Finally, after nearly four decades of non-use, in 2016 he decided to get the Nova back on the road. “I flatbedded the Nova down to Corbo’s Automotive Service in Somerville, New Jersey, to help regain its road worthiness. It showed only 17,600 miles on the odometer at that point. They changed the fluids, the master cylinder, and replaced the rusty brake parts. The original carb was also rebuilt and the seized clutch was freed up. Once back at my house, I spent weeks cleaning mold from the interior and tackling the mouse nests,” Dennis says.05 1969 Chevy Nova Side View

With his low-mile survivor back on the road, Dennis is not afraid to take it out and put a few more turns on the odometer. “I put an average of 1,000 miles a year on it, taking it to the local car shows. The odometer now shows 23,000 miles. People always ask if it was restored or if it’s a clone. Not a chance. This is an original ride. I’m now contemplating opening up the headers and bringing it back to Island Dragway to let it rip. I’d get a kick out of that.”

Owner: Dennis Linkroum, Bridgewater, NJ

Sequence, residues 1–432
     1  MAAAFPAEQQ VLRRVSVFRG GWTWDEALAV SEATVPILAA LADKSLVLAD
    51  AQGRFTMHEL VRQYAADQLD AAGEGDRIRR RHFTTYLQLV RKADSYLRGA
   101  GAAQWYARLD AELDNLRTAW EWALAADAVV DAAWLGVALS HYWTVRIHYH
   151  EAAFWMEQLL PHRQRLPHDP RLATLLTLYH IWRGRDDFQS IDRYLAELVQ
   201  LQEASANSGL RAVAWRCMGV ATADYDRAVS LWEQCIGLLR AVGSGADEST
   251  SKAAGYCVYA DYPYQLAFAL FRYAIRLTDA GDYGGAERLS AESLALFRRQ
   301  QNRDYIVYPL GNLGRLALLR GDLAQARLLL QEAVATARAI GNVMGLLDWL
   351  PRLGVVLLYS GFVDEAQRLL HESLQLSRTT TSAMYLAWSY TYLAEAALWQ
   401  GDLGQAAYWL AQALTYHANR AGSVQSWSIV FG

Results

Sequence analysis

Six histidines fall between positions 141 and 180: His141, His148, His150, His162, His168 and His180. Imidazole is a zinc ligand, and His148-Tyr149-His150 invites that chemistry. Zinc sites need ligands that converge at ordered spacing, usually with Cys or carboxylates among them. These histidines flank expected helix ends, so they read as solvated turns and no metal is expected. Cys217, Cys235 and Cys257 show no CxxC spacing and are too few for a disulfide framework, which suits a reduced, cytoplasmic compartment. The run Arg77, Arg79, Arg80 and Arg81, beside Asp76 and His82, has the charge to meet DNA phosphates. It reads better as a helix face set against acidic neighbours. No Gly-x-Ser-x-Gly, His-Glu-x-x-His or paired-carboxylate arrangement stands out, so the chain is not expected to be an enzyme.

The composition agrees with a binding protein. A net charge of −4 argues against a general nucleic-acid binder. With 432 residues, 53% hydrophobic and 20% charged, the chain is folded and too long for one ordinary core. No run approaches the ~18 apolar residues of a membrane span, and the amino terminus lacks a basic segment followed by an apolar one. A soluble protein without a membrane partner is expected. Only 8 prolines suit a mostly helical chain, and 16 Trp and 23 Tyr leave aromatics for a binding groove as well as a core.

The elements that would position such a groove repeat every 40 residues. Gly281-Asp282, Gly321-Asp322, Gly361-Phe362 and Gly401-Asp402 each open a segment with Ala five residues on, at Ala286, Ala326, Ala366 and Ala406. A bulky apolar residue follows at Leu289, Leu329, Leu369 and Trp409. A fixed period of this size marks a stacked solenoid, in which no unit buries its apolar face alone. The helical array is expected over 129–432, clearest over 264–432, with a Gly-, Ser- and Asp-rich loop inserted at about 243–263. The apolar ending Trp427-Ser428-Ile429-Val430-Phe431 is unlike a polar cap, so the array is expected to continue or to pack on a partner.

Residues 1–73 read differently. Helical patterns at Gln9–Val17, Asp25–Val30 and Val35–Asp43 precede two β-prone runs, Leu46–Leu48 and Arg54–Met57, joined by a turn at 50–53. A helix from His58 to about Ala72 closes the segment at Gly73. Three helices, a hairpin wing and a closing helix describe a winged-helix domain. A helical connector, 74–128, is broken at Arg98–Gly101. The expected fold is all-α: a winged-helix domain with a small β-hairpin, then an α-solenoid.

Vehicle: ’69 Chevy Nova

Type: Chevy big-block
Displacement: 396 ci
Compression Ratio: 11:1
Block: Cast-iron four-bolt mains
Bore: 4.094 inches
Stroke: 3.760 inches
Cylinder Heads: Original cast-iron square-port heads with 2.19 intake/1.72 exhaust valves
Rotating Assembly: Original forged crank, forged dimple rods, cast-aluminum pistons
Camshaft: Original solid lifter
Ignition: Stock
Induction: Original aluminum high-rise manifold, Holley 4150 780-cfm carburetor
Exhaust: Stock manifolds with replacement Flowmaster transverse muffler
Built By: GM
Tuned By: Owner
Output: 425 hp and 445 lb-ft torque

Transmission: M21 close-ratio
Rear: Chevy 12-bolt Posi-traction rearend with 4:10 gears

Steering: Stock manual
Front Suspension: Stock
Rear Suspension: Stock with Lakewood traction bars
Brakes: Stock front disc, rear drum

Wheels & Tires
Stock 14×7 steel wheels, BFGoodrich T/A radial 225/70R14, front and rear

Seats: Stock
Upholstery: Stock original vinyl custom interior
Gauges: Stock with console gauges (RPO U17) and L78 only tach
Steering Wheel: Stock
Carpet: Stock
Shifter: Hurst

Paint: Cortez Silver original
Hood: Stock
Grille: Stock